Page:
“It’s called hyperlocal sourcing, when your farm provides your restaurant with the products your farm harvests,” Katsigianis says. “That’s specifically what Biltmore’s focus is on, trying to contain all of the ends: estate-raised vegetables, estate-raised meat, sustainable farming practices, food waste control — those are always our top concerns.”
Biltmore’s current levels of animal herds are comparable to the herd sizes of Vanderbilt’s day. According to Biltmore’s agriculture department, the estate’s various herds are raised specifically for meat production at the estate or sold to other breeders and small farming operations. Livestock at Biltmore includes:
- Cows: 250 brood cows and six bulls. These cows produce 230 live calves each year, of which 50-70 steers are marketed through the estate’s restaurants. All of the females calves and remaining male calves are either retained for breeding or sold to other breeding operations.
- Sheep: 200 brood ewes and eight rams. These ewes produce about 350 lambs each spring. All of the female lambs are retained in the flock or sold to other breeders. About 80 percent of the male lambs are marketed for meat and 20 percent are sold for breeding purposes.
- Chickens: 200-250 heritage-breed, brown-egg-layer hens. Depending on the time of year, the hens produce about 200 eggs a day, with the highest production during the spring, summer and early fall.
- Goats: About 10-15 breeding does. The does produce 15-20 kids per year, all of which are sold for breeding, with a few marketed locally for meat. Goats are used to control brush in some pastures on the estate and for guest interaction at Antler Village.
Field to table
The estate’s tradition of scientific farming methods and self-sustainability is an even larger challenge now that it’s visited by more than 1.5 million visitors annually. Each of those visitors typically eats at least one meal during his or her stay. To keep up with demand, Biltmore’s agriculture and restaurant departments work to strategically incorporate local meat into dishes.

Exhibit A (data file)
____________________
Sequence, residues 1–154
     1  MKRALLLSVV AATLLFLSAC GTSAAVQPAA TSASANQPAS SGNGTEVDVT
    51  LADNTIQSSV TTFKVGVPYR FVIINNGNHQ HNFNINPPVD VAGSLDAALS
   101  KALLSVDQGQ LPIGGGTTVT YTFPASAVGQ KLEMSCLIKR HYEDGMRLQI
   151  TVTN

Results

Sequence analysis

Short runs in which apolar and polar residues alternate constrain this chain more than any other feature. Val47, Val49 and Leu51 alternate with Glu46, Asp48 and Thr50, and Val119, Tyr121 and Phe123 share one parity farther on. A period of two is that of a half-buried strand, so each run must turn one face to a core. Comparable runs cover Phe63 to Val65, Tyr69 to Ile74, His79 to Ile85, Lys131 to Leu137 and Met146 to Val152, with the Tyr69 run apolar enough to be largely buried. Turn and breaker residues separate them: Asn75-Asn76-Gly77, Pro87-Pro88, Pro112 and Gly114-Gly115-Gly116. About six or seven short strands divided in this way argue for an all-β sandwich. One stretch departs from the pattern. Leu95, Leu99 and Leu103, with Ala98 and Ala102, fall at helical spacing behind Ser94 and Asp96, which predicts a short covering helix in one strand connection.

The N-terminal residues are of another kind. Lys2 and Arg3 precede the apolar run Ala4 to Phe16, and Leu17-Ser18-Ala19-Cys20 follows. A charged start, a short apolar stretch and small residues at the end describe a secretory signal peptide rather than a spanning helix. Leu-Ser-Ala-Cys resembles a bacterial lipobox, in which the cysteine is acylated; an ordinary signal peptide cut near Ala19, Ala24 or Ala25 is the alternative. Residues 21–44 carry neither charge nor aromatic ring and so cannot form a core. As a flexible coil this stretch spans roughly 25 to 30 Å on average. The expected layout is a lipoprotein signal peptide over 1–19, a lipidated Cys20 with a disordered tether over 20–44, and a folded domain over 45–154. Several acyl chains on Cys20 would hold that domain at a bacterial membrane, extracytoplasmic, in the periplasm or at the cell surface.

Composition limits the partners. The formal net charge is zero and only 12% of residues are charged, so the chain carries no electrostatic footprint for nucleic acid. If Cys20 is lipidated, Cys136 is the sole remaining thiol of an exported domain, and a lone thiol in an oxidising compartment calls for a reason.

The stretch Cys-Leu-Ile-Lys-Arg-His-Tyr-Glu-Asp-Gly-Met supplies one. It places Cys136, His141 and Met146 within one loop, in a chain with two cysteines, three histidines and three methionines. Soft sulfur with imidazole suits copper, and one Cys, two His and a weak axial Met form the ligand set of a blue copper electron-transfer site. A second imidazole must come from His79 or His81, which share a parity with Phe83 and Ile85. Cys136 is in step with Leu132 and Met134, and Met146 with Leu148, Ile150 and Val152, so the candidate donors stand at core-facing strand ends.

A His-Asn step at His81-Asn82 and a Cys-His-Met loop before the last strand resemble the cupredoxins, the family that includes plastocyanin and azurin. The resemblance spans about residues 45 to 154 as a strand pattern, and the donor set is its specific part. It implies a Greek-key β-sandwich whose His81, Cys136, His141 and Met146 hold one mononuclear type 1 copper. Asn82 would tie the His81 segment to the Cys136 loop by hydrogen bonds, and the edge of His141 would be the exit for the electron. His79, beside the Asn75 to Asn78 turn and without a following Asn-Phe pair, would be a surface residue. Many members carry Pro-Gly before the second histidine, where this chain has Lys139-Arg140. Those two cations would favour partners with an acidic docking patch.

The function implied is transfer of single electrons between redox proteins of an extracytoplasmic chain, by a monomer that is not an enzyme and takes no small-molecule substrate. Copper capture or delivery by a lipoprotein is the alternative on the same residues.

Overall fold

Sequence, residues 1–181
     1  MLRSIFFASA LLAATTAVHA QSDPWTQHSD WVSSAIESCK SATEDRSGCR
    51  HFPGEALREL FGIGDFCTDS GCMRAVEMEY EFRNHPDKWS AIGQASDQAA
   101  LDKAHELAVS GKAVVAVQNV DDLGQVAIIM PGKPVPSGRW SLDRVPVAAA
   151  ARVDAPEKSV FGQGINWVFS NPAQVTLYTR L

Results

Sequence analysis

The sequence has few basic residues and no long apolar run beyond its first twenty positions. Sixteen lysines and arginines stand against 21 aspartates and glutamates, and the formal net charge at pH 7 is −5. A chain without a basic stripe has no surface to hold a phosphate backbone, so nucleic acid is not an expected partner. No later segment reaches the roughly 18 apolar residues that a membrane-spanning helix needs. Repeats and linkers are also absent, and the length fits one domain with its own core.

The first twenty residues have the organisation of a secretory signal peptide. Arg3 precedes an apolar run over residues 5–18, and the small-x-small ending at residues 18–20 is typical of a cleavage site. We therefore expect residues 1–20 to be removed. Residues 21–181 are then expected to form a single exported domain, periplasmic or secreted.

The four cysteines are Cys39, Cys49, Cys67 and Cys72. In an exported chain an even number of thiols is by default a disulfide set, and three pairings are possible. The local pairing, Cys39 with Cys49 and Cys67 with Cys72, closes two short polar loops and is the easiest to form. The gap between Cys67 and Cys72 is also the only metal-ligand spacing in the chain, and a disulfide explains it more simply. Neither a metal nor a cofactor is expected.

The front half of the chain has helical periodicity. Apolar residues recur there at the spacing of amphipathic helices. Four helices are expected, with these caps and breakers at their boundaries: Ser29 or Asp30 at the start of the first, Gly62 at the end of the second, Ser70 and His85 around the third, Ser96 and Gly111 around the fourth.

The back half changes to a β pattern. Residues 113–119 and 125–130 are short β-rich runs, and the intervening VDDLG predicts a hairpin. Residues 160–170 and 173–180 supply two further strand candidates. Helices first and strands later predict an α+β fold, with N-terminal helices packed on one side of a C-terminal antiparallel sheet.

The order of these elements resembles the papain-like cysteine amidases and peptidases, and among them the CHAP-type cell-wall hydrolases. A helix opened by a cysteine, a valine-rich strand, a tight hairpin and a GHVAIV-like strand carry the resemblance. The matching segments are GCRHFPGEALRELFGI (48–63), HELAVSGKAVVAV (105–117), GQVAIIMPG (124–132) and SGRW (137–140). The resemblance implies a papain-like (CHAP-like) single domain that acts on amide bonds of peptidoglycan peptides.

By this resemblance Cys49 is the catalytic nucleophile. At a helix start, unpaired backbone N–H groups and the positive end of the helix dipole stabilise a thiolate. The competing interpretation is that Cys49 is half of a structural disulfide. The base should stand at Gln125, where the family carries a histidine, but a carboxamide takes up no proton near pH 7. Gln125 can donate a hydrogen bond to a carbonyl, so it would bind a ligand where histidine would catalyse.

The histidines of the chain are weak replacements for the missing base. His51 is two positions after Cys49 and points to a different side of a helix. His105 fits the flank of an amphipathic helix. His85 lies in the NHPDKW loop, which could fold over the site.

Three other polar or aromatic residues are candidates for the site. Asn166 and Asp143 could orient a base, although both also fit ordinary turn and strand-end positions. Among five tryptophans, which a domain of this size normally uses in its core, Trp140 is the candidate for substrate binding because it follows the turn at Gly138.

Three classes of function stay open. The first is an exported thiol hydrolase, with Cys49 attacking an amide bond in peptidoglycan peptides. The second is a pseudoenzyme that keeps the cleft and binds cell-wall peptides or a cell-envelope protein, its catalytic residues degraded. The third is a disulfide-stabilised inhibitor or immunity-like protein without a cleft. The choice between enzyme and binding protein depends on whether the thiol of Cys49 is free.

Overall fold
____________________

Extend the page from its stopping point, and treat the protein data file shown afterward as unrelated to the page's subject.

“We tend to focus on providing estate-raised products during the busiest months in our restaurants, April through December, but we have also been incorporating estate-raised pork more often in menus year-round,” says estate Executive Chef Mark DeMarco.
DeMarco says the restaurants will use estate meats in a variety of ways this fall: The Bistro has a braised pork belly on its lunch and dinner menu along with estate beef carpaccio. Cedric’s Tavern uses the estate pork for its signature pork burger at lunch and pork chops at dinner. Stable Café features estate beef in its lunch cheeseburger, and Deerpark Restaurant will have estate hams on its Candlelight Christmas brunch menu.
Eli Herman, Biltmore’s production garden manager, says the garden, livestock farm and restaurants collaborate on planning for menus, discussing “what’s going, what’s coming, and what’s available.” Indicating multiple trays of young herbs stacked in a large greenhouse, he says, “We’re working on doing some custom blends for the kitchens to serve. This one is for the village hotel: lemon, basil, dill and chive. … We can adjust our product to suit the specific needs and requests of our chefs.”
Herman can grow a variety of different crops within a new hydroponic greenhouse and change it to the needs of the kitchens, giving the production garden a greater amount of flexibility. “With the greenhouses, we’re only 30 days from seed to harvest with the salad mixes, and between 10-14 days with the microgreens,” he says. “With a little bit of notice, we can change and start to do custom blends for the Bistro and other restaurants on property to meet their needs virtually within a month for a special menu.”
The quantity of what’s grown on the estate varies based on seasonality of the product and on the requests and needs of its seven sit-down restaurants, according to Marissa Jamison, Biltmore’s public relations manager. “Each chef places orders for their respective restaurant, and those orders are manipulated based on the fixed amount of product that will be available,” she says. “With the introduction of additional hoop houses this year, we are working toward year-round production of microgreens and lettuces, which will supply most of the greens used throughout the estate. We are also close to year-round supply of eggs to our restaurants.”
Jamison says demand far exceeds what Biltmore is able to produce on the estate. “In addition to what we raise in our field-to-table program, we work closely with local and regional farms to source products,” she says.
Herman says the agricultural producers at Biltmore try to look beyond the immediate needs. “We want to think about how sustainable and how environmentally sound this will be for two generations from now,” he says. “This is just a continuation of that forward thinking that the Vanderbilts started here, and we’re not so proud of ourselves to [not] realize that the next generations are going to think of something even better.”